Looking at current developments and forecasts, the Asian region will continue to be the strongest growth driver. The currently very positive development of our locations in China and India underlines this trend.
What are currently the biggest challenges for thermoprocessing companies?
The energy crisis – especially the supply of natural gas – as well as the high cost of energy, the shortage of skilled workers, price increases in almost all sectors and the requirements with regard to decarbonization are the most significant tasks ahead to me.
Decarbonization is the central issue for energy-intensive industries. How can CO2-emissions in heat treatment be reduced and brought down to net zero by 2050?
This is possible by switching to electric or hydrogen heating. However, the rapid expansion of renewable energy generation plays a key role here. Currently, there is still too little “green electricity“ to heat the plants or to generate hydrogen. In addition, the infrastructure for large-scale power supply for the heat treatment plants is simply lacking at present. Hydrogen would have the great advantage that it can be stored and the existing gas infrastructure could be used. Conclusion: generating hydrogen from wind and solar power and store and distribute it via the existing gas grid.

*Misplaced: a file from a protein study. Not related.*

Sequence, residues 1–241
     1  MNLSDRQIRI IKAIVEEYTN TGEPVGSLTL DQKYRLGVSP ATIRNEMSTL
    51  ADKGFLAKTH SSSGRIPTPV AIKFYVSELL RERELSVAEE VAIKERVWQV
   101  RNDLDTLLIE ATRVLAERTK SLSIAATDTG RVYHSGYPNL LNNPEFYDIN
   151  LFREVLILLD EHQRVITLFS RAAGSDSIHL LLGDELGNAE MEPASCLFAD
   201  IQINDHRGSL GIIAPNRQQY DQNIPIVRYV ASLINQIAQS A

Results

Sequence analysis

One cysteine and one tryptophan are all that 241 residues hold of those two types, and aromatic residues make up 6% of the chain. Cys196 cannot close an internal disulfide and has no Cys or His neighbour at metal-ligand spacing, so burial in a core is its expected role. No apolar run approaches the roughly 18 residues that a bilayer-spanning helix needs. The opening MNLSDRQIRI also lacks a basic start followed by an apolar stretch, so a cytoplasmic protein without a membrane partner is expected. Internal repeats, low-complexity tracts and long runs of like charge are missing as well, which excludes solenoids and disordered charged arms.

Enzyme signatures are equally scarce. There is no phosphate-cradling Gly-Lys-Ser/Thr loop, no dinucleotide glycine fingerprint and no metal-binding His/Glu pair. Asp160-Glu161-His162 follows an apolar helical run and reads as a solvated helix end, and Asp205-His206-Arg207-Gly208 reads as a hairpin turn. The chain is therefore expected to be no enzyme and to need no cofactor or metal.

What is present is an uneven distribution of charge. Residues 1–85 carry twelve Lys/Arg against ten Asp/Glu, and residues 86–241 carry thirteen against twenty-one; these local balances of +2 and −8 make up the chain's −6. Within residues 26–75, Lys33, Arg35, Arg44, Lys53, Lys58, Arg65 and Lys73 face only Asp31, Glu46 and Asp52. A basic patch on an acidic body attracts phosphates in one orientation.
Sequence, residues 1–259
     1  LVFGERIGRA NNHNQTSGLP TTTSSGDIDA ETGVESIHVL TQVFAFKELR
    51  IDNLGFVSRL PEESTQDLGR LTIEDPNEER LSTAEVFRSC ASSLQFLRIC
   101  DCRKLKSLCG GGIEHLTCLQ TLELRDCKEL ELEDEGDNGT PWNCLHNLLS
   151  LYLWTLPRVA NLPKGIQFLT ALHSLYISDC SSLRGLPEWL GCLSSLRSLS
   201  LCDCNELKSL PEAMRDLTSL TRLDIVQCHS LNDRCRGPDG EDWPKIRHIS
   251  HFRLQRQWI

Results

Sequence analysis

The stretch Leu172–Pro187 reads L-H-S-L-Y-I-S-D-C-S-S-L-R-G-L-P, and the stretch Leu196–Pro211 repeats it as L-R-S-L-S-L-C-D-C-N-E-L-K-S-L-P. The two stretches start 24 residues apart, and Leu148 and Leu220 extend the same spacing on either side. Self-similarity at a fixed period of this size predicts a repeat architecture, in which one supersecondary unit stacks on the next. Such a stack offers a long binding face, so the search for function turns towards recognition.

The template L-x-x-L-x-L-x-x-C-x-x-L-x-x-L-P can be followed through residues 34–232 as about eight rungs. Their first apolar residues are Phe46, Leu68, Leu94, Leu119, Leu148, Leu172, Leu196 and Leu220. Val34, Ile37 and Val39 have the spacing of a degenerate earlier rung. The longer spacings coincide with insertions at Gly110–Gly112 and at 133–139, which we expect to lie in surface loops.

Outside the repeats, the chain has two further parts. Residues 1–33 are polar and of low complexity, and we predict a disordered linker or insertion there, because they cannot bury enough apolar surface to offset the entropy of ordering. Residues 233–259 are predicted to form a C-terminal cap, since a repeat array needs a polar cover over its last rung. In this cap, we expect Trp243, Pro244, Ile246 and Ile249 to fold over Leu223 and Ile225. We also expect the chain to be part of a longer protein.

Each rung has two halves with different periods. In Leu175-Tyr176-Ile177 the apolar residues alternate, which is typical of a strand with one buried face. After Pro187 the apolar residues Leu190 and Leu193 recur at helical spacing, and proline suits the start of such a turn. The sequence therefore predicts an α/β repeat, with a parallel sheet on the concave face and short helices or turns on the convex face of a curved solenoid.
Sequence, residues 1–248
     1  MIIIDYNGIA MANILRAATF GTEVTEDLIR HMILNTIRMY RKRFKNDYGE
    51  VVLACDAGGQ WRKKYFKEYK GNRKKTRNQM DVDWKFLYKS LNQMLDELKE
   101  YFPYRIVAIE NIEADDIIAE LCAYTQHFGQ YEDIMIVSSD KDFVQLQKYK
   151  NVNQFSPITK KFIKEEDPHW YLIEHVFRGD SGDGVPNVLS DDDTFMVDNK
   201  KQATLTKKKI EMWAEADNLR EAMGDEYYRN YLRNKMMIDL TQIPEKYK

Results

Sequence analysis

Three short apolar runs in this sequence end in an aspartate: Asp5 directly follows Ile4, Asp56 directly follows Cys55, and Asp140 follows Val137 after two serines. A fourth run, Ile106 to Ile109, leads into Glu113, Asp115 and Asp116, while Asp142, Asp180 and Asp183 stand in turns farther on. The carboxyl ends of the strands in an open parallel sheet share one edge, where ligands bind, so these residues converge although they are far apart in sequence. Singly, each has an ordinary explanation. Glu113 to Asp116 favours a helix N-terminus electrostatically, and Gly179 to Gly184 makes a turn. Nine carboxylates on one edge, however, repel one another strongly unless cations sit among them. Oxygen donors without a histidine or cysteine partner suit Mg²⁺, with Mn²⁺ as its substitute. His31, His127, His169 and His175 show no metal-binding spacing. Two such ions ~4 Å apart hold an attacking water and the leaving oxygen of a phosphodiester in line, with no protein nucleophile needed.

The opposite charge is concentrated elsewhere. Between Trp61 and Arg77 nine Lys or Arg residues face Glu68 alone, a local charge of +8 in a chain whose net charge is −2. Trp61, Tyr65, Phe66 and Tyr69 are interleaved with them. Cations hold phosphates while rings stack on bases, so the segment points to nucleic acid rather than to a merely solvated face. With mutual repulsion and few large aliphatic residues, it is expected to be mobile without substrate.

Will decarbonization lead to a surge in investment in the industry?
I think that as soon as the framework conditions are created and alternatives to gas are available sufficiently and at reasonable cost, there will also be an increased conversion of existing plants or replacement of old plants. Technically, this would already be possible now, but unfortunately an investment is not really economically feasible yet and the renewable energy sources are lacking.
How is the AICHELIN Group positioning itself in this market?
We have already invested extensively in the development of highly efficient electric heating systems or in the use of hydrogen as a heating medium, and the technology is ready for use. With our “Green Check“ we offer a special service where existing plants are examined for potential energy savings as well as possibilities to convert to electric heating and then appropriate conversion measures are offered and implemented.
What impact have the exponentially increased energy and raw material prices on the industry?